Coercion was also employed availability of credit and other inputs was linked to purchase of Bt. But, most farmers remained unconvinced because of the high price. And this is where the tragedy got really compounded. Much to the consternation of Mahyco-Monsanto, illegal Bt seeds from last year's Gujarat harvest (that the Government failed to destroy) began flooding the market.

A large number of illegal dealers started offering Bt cotton much cheaper, at anywhere between Rs. 100 and Rs. 800 per hectare. In Gujarat last year these seeds were covertly sold under the brand name "Navbharat 151" by the Navbharat Seeds Company. This year, with Bt cotton having being cleared by the Government, and with no action against Navbharat, the seeds obtained from last year's harvest, were openly sold as "Maxi 151" by a Vadodara-based company describing itself as "B.T. Cotton Trial Farm". Its proprietor, Piyush Patel, published huge ads in prominent Gujarati dailies not only extolling the higher yields of "his" Bt cotton, but also claiming its superiority over that supplied by "big companies" (which he described as a "terminator seed"). Following several representations to the GEAC, Mr. Patel was finally arrested in May 2002. But much damage had already been done. Many illegal F2 and even F3 (second and third generation) seeds are reported to have been sold to cotton farmers of Punjab and Haryana, where Bt cotton has yet to be approved.

They have also found their way into Maharashtra and Andhra Pradesh. A khadi institute in Gujarat that apparently used last year's Bt seeds, reported uncommon itching and rashes among users of cloth produced from this cotton. As this illegal trade of bogus operators spread, the Government largely remained a silent spectator.

The irony is that those who set so much store by Bt cotton are also passively watching their magic product being made a complete mockery of! We are more concerned that farmers are being taken for a ride. We have consistently argued that any new technology must be introduced only after farmers and consumers have complete information on all its aspects. So that they can make an informed choice. Such a choice has been denied to our people, who are being forced to learn the hard way. Why can't a large number of public debates be organised in our cotton growing areas, with the participation of the Government, companies, scientists, farmers and consumers?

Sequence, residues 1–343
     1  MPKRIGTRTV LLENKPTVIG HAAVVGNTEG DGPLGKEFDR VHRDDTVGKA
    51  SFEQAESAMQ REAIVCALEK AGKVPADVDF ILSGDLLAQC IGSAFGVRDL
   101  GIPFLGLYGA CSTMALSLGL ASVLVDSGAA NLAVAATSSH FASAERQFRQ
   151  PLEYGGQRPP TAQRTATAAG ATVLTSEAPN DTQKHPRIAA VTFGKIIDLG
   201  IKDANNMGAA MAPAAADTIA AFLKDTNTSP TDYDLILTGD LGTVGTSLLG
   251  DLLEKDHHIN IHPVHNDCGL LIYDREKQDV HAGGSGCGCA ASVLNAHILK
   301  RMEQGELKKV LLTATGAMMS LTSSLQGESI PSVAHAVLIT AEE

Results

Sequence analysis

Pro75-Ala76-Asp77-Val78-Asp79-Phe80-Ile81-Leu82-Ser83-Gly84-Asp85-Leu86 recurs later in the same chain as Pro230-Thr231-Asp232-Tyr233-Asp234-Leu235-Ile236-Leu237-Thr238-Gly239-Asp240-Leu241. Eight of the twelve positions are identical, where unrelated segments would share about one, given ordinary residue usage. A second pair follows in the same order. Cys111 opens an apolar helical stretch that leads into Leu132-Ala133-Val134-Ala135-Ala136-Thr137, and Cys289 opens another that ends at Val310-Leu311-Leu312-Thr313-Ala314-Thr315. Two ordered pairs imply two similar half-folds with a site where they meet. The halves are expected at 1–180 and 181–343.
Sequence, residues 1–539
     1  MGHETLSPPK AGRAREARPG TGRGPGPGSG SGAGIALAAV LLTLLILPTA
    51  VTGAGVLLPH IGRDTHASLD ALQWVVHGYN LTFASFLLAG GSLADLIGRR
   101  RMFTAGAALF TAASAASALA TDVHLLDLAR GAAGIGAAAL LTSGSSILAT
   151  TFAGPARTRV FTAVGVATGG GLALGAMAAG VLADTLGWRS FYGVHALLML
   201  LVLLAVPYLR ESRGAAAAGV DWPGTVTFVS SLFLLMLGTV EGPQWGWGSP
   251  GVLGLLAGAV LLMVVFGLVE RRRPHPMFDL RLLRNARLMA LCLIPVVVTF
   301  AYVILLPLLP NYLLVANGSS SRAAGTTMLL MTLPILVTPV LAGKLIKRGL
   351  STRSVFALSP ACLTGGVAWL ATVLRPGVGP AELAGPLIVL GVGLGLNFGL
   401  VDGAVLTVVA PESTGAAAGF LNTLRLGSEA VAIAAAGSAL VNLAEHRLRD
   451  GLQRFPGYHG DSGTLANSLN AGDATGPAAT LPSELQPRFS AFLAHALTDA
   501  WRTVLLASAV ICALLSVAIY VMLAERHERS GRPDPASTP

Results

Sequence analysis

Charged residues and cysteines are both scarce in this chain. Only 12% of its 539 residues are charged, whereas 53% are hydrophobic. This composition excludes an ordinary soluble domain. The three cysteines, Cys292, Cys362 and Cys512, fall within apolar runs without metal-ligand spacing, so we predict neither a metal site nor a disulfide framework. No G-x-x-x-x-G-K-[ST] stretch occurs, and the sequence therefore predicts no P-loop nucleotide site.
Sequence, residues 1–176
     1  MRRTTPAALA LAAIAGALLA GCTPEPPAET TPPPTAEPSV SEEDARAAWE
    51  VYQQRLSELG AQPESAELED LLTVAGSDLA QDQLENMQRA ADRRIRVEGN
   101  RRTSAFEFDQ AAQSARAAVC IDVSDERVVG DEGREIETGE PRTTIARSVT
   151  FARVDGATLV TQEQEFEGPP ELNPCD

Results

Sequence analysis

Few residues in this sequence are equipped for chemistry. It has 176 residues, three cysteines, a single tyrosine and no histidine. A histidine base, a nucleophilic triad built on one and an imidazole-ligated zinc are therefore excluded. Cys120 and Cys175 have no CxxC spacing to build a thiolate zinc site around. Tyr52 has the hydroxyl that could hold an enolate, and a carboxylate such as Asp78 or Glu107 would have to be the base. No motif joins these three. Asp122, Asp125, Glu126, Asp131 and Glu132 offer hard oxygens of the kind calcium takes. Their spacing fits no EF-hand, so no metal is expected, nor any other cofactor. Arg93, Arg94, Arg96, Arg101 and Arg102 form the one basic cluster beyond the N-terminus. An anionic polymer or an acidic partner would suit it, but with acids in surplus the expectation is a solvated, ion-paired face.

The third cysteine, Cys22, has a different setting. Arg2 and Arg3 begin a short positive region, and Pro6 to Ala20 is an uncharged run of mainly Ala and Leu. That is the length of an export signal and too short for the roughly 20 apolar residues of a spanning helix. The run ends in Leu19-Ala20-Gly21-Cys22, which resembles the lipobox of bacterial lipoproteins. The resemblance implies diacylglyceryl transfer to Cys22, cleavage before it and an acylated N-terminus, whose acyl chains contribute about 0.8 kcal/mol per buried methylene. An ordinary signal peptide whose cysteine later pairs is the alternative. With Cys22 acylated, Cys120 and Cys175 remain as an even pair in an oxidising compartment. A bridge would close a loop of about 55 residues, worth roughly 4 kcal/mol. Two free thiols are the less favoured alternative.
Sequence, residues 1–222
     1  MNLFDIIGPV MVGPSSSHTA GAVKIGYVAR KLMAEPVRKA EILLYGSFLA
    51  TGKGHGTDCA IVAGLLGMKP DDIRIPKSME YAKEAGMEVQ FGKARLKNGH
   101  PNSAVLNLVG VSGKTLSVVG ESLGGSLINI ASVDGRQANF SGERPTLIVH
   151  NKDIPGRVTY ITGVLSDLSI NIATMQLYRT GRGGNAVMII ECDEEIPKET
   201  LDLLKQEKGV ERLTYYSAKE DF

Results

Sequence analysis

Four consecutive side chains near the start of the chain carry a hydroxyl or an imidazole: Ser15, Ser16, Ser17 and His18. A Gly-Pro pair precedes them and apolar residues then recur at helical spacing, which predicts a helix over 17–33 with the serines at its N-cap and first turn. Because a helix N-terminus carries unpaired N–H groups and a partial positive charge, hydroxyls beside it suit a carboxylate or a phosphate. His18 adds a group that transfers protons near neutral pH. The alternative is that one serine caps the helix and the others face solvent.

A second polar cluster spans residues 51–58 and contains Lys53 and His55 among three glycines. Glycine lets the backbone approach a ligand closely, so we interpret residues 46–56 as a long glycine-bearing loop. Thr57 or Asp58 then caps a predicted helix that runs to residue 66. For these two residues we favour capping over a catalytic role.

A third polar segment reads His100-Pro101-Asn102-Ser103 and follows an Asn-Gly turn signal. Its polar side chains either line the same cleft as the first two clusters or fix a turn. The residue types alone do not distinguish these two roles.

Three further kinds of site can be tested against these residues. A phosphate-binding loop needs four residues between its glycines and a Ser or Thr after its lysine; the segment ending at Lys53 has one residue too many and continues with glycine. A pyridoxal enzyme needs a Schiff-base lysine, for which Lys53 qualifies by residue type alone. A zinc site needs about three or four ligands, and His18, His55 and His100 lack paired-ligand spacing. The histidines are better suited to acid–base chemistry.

Where this has been done, as in Chitradurga in Karnataka and Medak in Andhra Pradesh, farmers have overwhelmingly rejected GM crops. But the Government has still not placed in the public domain, data generated by Bt cotton trials in India. Ridiculously, the monitoring and regulation of Bt cotton has been entrusted to the very same company that is producing and selling it. Meanwhile, evidence against Bt cotton continues to accumulate worldwide. A study by the Nanjing Institute of Environmental Sciences under the Chinese State Environmental Protection Agency reveals that Bt cotton is harming natural parasitic enemies of the bollworm and seems to be encouraging other pests. The Chinese experience needs to be taken seriously since Bt cotton accounts for more than 1.5 million hectares (35 per cent of total cotton acreage) in that country. The study finds the diversity index of the insect community in Bt fields much lower than in conventional cotton farms in China.

It also finds that the populations of pests other than bollworm have increased in Bt cotton fields and some have even replaced it as the primary pest. It would be pertinent to remember that since Bt cotton was developed in the U.S. to tackle only one main pest, the bollworm, its applicability to regions of the world with higher pest diversity was always suspect from the word go. (The writers are scientists in the field of alternatives to genetically-modified agriculture.)